A conversation between teacher and learner

Here is a brief exchange over email between a DTC member and myself that reveals our thinking about a subject central to learning tai chi. I welcome questions and comments because it stimulates concrete conversation which serves as a knowledge-building activity. Background: I returned after 10 days training retreat and exposed practice partners to using different muscles to feel more connectivity. I had usually been focusing on using mind to move, but Read More …

10 tips for beginning tai chi practice

Whether you’re sure you want to do tai chi or not, here are things you can consider to help find out if it’s the right thing for you. But DO NOT take someone else’s word for it one way or the other. Which means, technically speaking, don’t take my word for whatever you’re about to read. 1 Find out what tai chi is. How? Be curious, and ultimately, just do tai chi. Read More …

What I like about single basic moves in tai chi practice

Tai chi basics, including “single basic moves” are employed to train for specific objectives, such as loosening, relaxing and strengthening joints, ligaments and tendons, all of which are exclusive offerings of the tai chi exercise system. What I like about single basic moves is they give you something to do on your own. A good solo practice can be developed with single basics. I wrote before about the two kinds of memory Read More …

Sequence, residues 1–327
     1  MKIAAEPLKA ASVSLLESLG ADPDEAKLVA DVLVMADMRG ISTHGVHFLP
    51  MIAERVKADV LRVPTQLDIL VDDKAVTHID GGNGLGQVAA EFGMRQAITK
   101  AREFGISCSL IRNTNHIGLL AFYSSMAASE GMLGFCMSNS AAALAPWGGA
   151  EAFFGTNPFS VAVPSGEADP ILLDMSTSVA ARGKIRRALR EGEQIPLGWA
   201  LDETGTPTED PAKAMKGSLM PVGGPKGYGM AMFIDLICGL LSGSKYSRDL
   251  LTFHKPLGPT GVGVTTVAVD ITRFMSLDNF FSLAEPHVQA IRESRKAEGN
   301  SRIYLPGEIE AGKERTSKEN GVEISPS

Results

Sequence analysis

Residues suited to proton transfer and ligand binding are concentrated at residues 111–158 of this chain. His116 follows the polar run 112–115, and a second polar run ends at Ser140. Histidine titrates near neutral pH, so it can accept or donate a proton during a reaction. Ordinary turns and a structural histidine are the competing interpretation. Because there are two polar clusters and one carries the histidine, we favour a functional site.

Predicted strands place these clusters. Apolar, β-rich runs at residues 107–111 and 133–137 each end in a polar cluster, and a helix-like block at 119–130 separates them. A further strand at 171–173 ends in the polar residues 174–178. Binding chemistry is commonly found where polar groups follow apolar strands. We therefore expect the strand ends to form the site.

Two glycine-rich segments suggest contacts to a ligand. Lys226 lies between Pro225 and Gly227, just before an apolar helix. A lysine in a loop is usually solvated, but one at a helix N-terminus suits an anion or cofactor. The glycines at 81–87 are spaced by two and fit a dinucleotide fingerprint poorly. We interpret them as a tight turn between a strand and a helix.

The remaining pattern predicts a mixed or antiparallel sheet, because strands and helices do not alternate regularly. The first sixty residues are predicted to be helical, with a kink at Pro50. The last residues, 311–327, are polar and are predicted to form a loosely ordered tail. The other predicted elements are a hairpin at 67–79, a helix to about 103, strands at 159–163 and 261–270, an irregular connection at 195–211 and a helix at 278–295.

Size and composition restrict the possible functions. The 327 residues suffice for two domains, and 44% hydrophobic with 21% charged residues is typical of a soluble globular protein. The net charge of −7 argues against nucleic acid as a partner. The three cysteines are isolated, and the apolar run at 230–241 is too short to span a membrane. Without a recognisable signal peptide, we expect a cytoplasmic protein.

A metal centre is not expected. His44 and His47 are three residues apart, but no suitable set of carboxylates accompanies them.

Dementia research findings and my pitch for tai chi

Researchers list nine activities that can help prevent as much as 33% of the world’s current estimate of 47 million cases of dementia (expected to triple by 2050), including Alzheimer’s. Tai chi is a physical activity and mentally stimulating exercise, two factors that recent research suggests can prevent dementia in millions. In a recently published article (http://www.cbsnews.com/news/one-third-of-dementia-cases-could-be-prevented-alzheimers-report/), researchers list nine activities that can help prevent as much as 33% of the world’s Read More …

Easy things you can do to fit tai chi into a busy life

You’re so busy to take in the wonder, not even enough time to take a moment to mourn the loss of the precious time burning away. What do you do? Here are a few ideas. Tip #1—Where you do tai chi. Get away from where you do your business in order to do tai chi without interruptions. Tip #2—When to begin tai chi When you wake, even before you get out of Read More …

Refining Your Tai Chi Practice: Bringing Life into Your Body

You’re not just moving the body, you’re bringing life into it. By circling the eyes, for example, you’re freeing them up from stagnation and decay (atrophy), and allowing them to serve as “gates” (men) through which energy may enter the body. Think of tai chi this way.

Refining and Single-Basic Exercises

Although single basics are repetitive, they are not repetitious, so to speak. You repeat a pattern, intent on refining, not on repeating it exactly the same way as before. Change is the key. “Changeability” as Master Xu puts it. How do you refine? Pick out a particular locus and focus your attention on how you move there. Focus on the move itself and how you might alter it—make it smoother, rounder, less Read More …